DPI Web Content

Deep Packet Inspection (DPI) is a networking technology that Internet Service Providers (e.g. Rogers, Bell, Shaw, etc) use to monitor customers' data traffic, mediate its speed, and improve network security.
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The Singular Challenges of ISP Use of Deep Packet Inspection

Written by Alissa Cooper

Massive growth in data processing power has spurred the development of deep packet inspection (DPI) equipment that potentially allows providers of Internet service and other intermediaries to collect and analyze the Internet communications of millions of users simultaneously. DPI has come to permeate numerous Internet policy debates, including those related to net neutrality, behavioral advertising, content filtering, and many others. Although the policy concerns that DPI raises differ in each case, one theme that recurs throughout these debates is the potential for DPI to essentially eliminate online privacy as it exists today, absent pervasive use of encrypted communications. As a technology that can provide Internet service providers (ISPs) and their partners with broad and deep insight into all that their subscribers do online, its potential to facilitate privacy invasion has been described in the most dire of terms: as “wiretapping” the Internet (Barras, 2009, p. 1), “unprecedented and invasive ISP surveillance” (Ohm, 2009, p. 1417), and even “the end of the Internet as we know it” (Riley and Scott, 2009, p. 1).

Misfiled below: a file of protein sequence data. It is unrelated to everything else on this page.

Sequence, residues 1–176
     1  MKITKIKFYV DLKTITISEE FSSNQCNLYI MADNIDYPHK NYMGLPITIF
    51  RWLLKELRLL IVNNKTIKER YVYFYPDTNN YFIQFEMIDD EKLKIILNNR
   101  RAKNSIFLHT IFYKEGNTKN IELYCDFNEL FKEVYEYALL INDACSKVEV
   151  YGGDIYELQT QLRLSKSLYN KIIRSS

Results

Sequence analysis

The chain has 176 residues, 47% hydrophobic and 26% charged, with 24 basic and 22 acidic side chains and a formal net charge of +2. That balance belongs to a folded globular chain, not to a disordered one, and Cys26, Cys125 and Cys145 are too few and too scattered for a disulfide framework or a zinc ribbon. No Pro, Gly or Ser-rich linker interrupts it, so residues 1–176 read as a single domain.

ISPs’ use of DPI has drawn scathing privacy criticism despite the fact that numerous other entities are capable of conducting content inspection. Content delivery networks and caching services could have similar capabilities, as can individual Internet users employing firewalls, home gateways, or packet sniffers. Likewise, many of the services that DPI can facilitate for ISPs – security protections, behavioral advertising, and content filtering, for example – have been offered for years by web- and software-based service providers.